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Patronizing Prostitution

Prostitution is defined as sex in exchange for money or something of value. Patronizing prostitution (also referred to as “solicitation of prostitution”) is offering or agreeing to engage in sex for money. The mere offer or the agreement is enough to complete the crime. Patronizing prostitution is a misdemeanor crime in California. Sex includes sexual intercourse or a lewd act, defined as the touching of genitals, buttocks or female breast of either the prostitute or customer, with some part of another's body for sexual gratification or arousal.

In California, patronizing prostitution (solicitation of prostitution) is prosecuted under Penal Code Section 647(b) and the prosecution must prove a person agreed with or solicited another to engage in the act of prostitution. In California, patronizing prostitution is punishable by up to 180 days in county jail and a fine of up to $1000. First-time offenders are generally not facing jail time, rather a fine and some community service.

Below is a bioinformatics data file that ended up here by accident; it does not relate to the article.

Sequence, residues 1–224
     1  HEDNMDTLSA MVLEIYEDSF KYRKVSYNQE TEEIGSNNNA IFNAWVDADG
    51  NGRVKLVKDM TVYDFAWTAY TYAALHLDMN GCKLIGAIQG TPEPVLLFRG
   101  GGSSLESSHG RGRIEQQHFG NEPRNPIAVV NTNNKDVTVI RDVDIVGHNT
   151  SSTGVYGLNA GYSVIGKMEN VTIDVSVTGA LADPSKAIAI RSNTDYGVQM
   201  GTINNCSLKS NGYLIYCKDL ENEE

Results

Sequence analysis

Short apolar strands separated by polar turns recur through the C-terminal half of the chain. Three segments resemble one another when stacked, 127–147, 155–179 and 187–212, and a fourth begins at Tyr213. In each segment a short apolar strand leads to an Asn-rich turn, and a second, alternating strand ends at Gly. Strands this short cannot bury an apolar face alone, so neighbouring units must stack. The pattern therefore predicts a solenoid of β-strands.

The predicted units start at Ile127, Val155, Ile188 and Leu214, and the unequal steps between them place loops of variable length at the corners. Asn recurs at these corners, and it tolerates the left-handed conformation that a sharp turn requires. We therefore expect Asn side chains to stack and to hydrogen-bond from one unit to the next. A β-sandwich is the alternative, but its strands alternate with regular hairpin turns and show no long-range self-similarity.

In Los Angeles county, first-time offenders, with no prior criminal record, can earn a dismissal of the charges upon successful completion of a county program. Second and third convictions for patronizing prostitution carry a minimum sentence of 30 to 45 days in county jail. There is no sex registration requirement for any of these convictions. If you or someone you know is being charged with patronizing prostitution consult with an experienced prostitution defense attorney to learn about your legal options.